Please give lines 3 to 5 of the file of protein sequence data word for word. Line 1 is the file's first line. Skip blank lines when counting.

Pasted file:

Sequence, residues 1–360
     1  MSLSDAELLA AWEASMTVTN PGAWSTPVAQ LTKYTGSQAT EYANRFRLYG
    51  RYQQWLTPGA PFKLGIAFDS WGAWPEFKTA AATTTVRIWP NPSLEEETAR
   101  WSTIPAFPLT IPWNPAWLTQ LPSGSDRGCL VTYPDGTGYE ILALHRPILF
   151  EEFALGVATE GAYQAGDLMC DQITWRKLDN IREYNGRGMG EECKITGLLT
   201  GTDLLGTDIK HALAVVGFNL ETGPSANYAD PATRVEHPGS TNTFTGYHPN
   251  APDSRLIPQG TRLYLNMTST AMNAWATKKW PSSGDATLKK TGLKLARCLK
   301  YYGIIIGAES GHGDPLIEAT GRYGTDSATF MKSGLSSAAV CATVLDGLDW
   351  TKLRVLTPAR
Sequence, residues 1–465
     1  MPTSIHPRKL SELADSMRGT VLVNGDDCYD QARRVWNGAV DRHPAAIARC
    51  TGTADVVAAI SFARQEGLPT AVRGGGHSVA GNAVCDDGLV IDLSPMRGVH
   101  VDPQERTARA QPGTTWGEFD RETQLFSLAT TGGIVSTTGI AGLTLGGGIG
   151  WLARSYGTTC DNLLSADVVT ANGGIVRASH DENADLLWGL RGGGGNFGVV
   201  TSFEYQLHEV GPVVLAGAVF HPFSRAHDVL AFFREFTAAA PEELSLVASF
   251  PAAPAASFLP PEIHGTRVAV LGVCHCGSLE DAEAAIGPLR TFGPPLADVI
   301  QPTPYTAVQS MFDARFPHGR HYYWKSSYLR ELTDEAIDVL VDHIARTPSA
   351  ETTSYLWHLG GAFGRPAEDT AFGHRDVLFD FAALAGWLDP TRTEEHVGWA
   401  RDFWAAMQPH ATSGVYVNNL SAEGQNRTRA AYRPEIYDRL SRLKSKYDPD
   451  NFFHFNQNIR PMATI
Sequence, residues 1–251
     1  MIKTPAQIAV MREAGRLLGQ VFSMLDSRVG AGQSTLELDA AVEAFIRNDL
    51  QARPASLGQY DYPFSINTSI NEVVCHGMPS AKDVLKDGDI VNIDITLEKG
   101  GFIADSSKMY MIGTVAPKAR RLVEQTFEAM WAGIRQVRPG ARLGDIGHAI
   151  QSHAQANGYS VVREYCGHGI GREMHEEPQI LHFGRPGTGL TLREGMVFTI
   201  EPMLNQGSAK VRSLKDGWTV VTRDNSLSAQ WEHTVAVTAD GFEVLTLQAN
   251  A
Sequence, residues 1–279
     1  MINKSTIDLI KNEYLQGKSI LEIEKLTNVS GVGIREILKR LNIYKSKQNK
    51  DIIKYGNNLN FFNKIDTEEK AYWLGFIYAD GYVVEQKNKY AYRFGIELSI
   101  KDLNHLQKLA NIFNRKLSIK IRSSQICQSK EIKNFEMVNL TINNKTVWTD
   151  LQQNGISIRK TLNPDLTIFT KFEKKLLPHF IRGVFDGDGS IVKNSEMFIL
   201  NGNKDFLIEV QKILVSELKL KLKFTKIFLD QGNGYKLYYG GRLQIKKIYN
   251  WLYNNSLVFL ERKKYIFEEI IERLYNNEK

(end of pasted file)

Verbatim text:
    51  RYQQWLTPGA PFKLGIAFDS WGAWPEFKTA AATTTVRIWP NPSLEEETAR
   101  WSTIPAFPLT IPWNPAWLTQ LPSGSDRGCL VTYPDGTGYE ILALHRPILF
   151  EEFALGVATE GAYQAGDLMC DQITWRKLDN IREYNGRGMG EECKITGLLT